Gnamra
Member #12,503
January 2011
avatar

What I usually do when I encounter problems like these is to use a symbol or letter to let my program know when to stop and add whatever it read up to that symbol or letter.

I quickly looked over your code, what you're basically doing is just checking each number and adding it to the array. This wont work as you've already witnessed, the reason for this is when you're checking against 10, a double digit number. you add 1 to the array then you read again and add 0.

One possible fix would be what I described above, example:

 std::string buffer;
 while (!openfile.eof()) {


      // Assign tile data into array
      buffer.clear();
      openfile.getline(buffer.c_str(), 3, '.');
      tile[loadCounterX][loadCounterY] = atoi(buffer.c_str());
      
     // rest of the stuff you wrote here
}

map.txt would look like this:

10.10.10.10.10.10.10
10.3.5.5.5.4.10
10.7.9.9.9.8.10
10.7.9.9.9.8.10
10.7.9.9.8.10

Note: I didn't try any of this code so I don't think it'll be copy and paste-able. You can try though.

Eric Johnson
Member #14,841
January 2013
avatar

Thank you for the reply. I see where you're going with that, but your code did not work. I read up on the getline function too, but haven't managed to get it working just yet. It seems to work if I use a char* instead of a string for buffer, but then I can't clear it. Here's what your suggestion returns me:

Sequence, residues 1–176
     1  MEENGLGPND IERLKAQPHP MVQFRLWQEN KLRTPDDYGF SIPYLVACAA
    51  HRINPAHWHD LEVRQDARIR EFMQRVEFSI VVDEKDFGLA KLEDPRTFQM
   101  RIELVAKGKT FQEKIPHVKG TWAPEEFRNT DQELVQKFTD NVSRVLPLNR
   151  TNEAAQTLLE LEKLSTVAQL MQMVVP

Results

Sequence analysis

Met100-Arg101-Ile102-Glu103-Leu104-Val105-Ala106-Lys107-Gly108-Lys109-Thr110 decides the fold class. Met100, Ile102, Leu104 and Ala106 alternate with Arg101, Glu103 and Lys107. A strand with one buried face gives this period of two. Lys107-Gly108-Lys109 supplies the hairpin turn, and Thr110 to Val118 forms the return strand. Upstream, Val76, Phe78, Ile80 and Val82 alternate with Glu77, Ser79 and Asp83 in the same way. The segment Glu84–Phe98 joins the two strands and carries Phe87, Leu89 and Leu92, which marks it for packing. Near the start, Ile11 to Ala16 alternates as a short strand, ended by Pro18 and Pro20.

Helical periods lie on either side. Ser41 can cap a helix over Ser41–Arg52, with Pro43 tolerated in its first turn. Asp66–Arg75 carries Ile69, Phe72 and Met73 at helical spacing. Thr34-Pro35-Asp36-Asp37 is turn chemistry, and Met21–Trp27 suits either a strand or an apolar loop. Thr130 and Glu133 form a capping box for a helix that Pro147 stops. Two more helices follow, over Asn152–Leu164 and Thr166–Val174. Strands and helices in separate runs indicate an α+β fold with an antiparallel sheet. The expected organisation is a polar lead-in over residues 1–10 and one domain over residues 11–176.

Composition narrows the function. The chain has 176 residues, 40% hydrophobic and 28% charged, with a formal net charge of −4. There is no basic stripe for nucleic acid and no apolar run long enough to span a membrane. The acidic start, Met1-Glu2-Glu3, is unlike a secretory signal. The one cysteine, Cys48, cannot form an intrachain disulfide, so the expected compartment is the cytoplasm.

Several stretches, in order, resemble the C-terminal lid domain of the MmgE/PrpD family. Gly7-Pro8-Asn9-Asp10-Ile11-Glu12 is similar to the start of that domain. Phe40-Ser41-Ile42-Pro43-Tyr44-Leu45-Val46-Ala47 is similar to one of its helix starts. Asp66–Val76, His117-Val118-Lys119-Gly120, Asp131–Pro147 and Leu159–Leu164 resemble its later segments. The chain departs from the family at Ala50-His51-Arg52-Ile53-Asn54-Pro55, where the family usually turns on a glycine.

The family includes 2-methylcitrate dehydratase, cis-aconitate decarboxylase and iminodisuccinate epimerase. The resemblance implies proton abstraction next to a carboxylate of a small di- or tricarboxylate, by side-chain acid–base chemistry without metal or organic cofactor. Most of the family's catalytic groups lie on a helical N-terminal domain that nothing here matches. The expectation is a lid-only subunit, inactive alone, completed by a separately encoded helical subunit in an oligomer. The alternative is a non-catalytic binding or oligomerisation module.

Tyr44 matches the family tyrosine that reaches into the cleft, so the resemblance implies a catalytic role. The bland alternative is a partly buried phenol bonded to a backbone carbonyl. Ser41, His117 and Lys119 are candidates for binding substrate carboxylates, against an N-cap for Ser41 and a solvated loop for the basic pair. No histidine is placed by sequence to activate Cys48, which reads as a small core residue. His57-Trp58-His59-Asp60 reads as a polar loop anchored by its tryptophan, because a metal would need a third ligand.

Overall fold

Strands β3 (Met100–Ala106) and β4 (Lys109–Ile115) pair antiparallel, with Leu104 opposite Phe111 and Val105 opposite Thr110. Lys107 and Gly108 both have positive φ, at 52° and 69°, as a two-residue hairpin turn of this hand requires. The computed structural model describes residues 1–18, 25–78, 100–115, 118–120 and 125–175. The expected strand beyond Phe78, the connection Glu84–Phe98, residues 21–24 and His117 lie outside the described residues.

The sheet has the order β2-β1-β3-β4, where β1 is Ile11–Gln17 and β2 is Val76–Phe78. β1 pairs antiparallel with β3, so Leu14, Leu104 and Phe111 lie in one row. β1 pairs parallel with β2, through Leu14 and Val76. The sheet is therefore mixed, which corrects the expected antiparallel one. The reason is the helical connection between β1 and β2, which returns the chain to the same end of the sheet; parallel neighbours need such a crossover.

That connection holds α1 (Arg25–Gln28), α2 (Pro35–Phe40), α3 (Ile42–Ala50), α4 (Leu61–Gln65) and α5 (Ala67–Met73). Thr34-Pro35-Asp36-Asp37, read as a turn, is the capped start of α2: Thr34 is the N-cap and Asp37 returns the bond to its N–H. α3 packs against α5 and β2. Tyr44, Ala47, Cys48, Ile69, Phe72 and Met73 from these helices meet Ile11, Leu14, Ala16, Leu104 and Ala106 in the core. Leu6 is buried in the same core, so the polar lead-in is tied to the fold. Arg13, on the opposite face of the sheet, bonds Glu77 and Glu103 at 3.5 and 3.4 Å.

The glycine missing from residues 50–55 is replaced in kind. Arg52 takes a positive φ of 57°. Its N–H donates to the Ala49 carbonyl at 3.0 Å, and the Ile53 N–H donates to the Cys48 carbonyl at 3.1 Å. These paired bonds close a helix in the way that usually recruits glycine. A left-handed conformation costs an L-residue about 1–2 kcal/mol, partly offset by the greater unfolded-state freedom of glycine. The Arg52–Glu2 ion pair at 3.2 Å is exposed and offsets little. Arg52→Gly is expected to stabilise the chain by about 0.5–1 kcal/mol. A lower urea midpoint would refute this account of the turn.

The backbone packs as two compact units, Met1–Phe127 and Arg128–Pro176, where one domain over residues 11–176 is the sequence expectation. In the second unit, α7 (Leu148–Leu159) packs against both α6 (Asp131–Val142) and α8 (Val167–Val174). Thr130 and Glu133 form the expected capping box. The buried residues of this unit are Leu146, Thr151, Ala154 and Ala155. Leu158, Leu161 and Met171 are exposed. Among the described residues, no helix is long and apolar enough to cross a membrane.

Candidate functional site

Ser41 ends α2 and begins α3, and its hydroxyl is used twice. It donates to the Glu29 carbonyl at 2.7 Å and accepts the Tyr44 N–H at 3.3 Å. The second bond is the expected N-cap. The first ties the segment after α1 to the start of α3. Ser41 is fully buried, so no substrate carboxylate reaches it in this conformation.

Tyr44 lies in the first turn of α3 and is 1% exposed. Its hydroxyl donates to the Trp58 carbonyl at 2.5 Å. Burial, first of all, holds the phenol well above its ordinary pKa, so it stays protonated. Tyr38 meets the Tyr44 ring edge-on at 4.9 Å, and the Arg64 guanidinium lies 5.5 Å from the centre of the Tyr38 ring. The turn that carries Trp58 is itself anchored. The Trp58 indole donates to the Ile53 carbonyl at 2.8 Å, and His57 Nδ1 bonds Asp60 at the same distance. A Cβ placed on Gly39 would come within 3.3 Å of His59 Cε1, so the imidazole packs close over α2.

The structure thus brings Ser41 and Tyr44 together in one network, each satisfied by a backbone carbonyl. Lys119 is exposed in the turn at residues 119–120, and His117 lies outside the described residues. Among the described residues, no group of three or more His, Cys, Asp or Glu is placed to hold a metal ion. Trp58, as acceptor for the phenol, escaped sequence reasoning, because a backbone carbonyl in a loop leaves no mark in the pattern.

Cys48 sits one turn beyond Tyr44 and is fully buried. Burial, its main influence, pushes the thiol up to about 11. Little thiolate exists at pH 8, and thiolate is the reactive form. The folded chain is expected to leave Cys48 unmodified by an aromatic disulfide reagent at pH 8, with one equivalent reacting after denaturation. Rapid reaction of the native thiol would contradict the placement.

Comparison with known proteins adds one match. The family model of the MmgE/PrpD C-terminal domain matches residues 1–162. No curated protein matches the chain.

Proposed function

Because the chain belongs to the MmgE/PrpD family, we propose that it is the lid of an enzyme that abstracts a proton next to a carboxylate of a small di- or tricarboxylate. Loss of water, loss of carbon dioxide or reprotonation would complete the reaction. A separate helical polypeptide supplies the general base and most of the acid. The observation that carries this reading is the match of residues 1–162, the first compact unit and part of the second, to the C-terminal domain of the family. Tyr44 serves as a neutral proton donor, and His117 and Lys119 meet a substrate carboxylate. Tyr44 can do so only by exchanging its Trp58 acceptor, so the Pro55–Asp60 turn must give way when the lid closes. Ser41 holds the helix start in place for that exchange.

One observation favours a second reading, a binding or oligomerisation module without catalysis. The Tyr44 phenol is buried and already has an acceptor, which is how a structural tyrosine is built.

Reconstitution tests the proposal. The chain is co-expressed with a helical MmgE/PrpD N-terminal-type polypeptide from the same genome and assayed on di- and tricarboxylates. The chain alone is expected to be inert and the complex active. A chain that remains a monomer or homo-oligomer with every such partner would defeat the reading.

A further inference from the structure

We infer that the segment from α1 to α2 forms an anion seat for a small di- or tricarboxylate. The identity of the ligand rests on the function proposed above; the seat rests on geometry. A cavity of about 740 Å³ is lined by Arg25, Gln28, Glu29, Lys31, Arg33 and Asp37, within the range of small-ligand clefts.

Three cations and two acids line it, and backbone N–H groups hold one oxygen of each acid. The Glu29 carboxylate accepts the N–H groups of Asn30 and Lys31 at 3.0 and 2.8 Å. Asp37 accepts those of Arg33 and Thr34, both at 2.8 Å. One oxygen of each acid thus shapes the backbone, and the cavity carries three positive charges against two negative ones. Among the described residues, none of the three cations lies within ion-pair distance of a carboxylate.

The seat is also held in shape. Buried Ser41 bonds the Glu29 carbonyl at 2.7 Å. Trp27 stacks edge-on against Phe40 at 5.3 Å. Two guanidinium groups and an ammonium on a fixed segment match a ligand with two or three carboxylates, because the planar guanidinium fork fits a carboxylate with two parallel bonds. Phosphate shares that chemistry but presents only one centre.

C:\Users\Eric II\Desktop\games\mld-40\new\map.cpp||In member function 'bool Map::load(const char*)':|
C:\Users\Eric II\Desktop\games\mld-40\new\map.cpp|38|error: invalid conversion from 'const char*' to 'std::basic_istream<char>::char_type* {aka char*}' [-fpermissive]|
c:\mingw\bin\..\lib\gcc\mingw32\4.6.2\include\c++\istream|599|error: initializing argument 1 of 'std::basic_istream<_CharT, _Traits>& std::basic_istream<_CharT, _Traits>::getline(std::basic_istream<_CharT, _Traits>::char_type*, std::streamsize, std::basic_istream<_CharT, _Traits>::char_type) [with _CharT = char, _Traits = std::char_traits<char>, std::basic_istream<_CharT, _Traits>::char_type = char, std::streamsize = int]' [-fpermissive]|
||=== Build finished: 2 errors, 0 warnings (0 minutes, 0 seconds) ===|

It looks to me as though it wants a const char* instead of a string, but like I said earlier, I wouldn't be able to clear a const char*.

Gnamra
Member #12,503
January 2011
avatar

I thought it wouldn't work, but that wasn't the point of the post. You need to figure out a way to make sure that you're always reading the correct amount of integers.

Another way to solve your problem would be to use double digits for all your tiles.
01, 02, 03 etc etc and read two numbers at a time. But then you'd face the same problem if you ever had over 99 different tiles. This solution is a lot easier than looking for a delimiting character.

Cassio Renan
Member #14,189
April 2012
avatar

You don't need to remove the spaces. Get the integers one by one from the ifstream and it will work. Like this:

#SelectExpand
1#include <iostream> 2#include <fstream> 3 4int main(){ 5 int map[100]; 6 int n, i = 0, j; 7 std::ifstream openfile("map.txt"); 8 if(!openfile.is_open()){ 9 std::cout << "error 1: could not open map.txt"; 10 return 1; 11 } 12 13 while(openfile>>n){ 14 map[i] = n; 15 i++; 16 } 17 18 for(j=0;j<i;j++){ 19 std::cout << map[j] << "\n"; 20 } 21}

EDIT: Try compiling this code and testing it with the following input file. You'll see.

map.txt#SelectExpand
11 22 333 4444 55555 2666666 7777777 88888888 999999999

Eric Johnson
Member #14,841
January 2013
avatar

Thanks for the input, Cassio Renan. I am using a two-dimensional array for my x and y tiles. How would I incorporate your suggestion into a 2D array?

Cassio Renan